Not only has the US’ military spending been converging with China’s but their international clout have also been converging. This is seen with the South China Sea. A large American naval presence in the sea has not deterred China from continuing to build artificial islands. This boldness from the People’s Republic shows that US may not be as dominant geopolitically as it once was. The same can be seen with a much larger Russian presence in the Middle East than in the late 1990s.

Conclusion

The United States maintains a very strong presence across the globe. That much is undisputed. However it must be noted that other superpowers have bolstered their clout also.  Although the United States hasn’t significantly lessened its global involvement nominally, its total dominance over world geopolitics is waning. China’s involvement in Africa and boldness in the South China Sea presents a dilemma for American international dominance. This is by no means an anti-American slug fest. I believe a strong United States is a good force for stability and peace. However it is of my personal opinion that the United States faces a much sterner competition to be truly dominant on the world stage. Much more so than it did 20 years ago.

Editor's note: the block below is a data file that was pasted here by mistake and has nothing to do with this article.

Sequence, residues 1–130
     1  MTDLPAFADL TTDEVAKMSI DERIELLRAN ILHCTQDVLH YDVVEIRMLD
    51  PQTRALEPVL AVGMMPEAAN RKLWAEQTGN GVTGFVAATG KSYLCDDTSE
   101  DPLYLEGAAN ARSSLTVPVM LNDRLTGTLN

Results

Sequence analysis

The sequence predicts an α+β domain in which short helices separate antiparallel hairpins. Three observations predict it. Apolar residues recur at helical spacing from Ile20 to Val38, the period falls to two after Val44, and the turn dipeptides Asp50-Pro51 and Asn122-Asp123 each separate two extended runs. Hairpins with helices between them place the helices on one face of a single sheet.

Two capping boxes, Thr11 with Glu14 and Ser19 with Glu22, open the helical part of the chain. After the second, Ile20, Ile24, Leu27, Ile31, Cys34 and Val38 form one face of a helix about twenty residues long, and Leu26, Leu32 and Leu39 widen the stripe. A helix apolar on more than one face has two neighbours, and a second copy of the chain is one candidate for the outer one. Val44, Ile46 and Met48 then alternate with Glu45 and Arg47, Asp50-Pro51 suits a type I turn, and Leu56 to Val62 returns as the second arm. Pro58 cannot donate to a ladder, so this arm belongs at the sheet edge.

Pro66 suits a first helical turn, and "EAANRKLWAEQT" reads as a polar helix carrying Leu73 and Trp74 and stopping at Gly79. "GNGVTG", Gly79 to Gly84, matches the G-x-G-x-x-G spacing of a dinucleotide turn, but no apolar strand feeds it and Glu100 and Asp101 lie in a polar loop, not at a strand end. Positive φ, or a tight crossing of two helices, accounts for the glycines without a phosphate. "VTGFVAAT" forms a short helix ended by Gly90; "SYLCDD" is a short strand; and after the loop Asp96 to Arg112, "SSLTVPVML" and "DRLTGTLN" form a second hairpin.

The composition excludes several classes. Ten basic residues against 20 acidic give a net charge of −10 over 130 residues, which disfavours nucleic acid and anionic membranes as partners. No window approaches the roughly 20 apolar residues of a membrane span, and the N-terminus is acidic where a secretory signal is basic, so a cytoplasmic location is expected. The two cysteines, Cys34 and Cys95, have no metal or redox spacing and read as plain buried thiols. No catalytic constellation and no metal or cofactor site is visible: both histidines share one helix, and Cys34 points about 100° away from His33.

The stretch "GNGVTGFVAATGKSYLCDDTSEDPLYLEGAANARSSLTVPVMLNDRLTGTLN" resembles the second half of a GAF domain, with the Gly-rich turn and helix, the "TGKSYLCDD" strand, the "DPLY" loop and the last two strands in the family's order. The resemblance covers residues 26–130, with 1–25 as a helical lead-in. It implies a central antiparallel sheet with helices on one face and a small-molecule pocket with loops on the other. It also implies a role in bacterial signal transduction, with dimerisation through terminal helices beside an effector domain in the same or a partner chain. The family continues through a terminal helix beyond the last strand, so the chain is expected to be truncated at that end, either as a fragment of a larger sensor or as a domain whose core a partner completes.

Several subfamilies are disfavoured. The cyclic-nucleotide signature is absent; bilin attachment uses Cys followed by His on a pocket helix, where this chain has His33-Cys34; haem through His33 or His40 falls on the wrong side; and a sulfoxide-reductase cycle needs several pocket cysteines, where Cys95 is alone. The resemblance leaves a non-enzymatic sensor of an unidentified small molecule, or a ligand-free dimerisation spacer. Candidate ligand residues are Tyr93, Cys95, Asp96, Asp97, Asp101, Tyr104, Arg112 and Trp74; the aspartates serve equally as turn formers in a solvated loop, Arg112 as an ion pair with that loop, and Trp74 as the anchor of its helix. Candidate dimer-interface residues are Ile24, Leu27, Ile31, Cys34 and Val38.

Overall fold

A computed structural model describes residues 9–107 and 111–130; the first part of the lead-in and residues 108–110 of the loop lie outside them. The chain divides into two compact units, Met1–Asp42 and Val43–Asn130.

9 COMMENTS

  1. No, it’s facing compromise, which can limit options especially in the face of a potential enemy, like North Korea. The size of the surface fleet has reduced and in some cases, in preference for expensive experiments for future vessels. The carrier fleet is being renewed even in the face of doubts as to whether such vessels are as effective, as they once were? I for one believe large platforms allow for expanded operations on many facets.
    China’s determination to hold the big cards in the SCS, is to some extent understandable, yet it does pose an international threat, simply because it’s there. I feel sure the US will maintain a sizable navy and one that can meet the challenges of the future.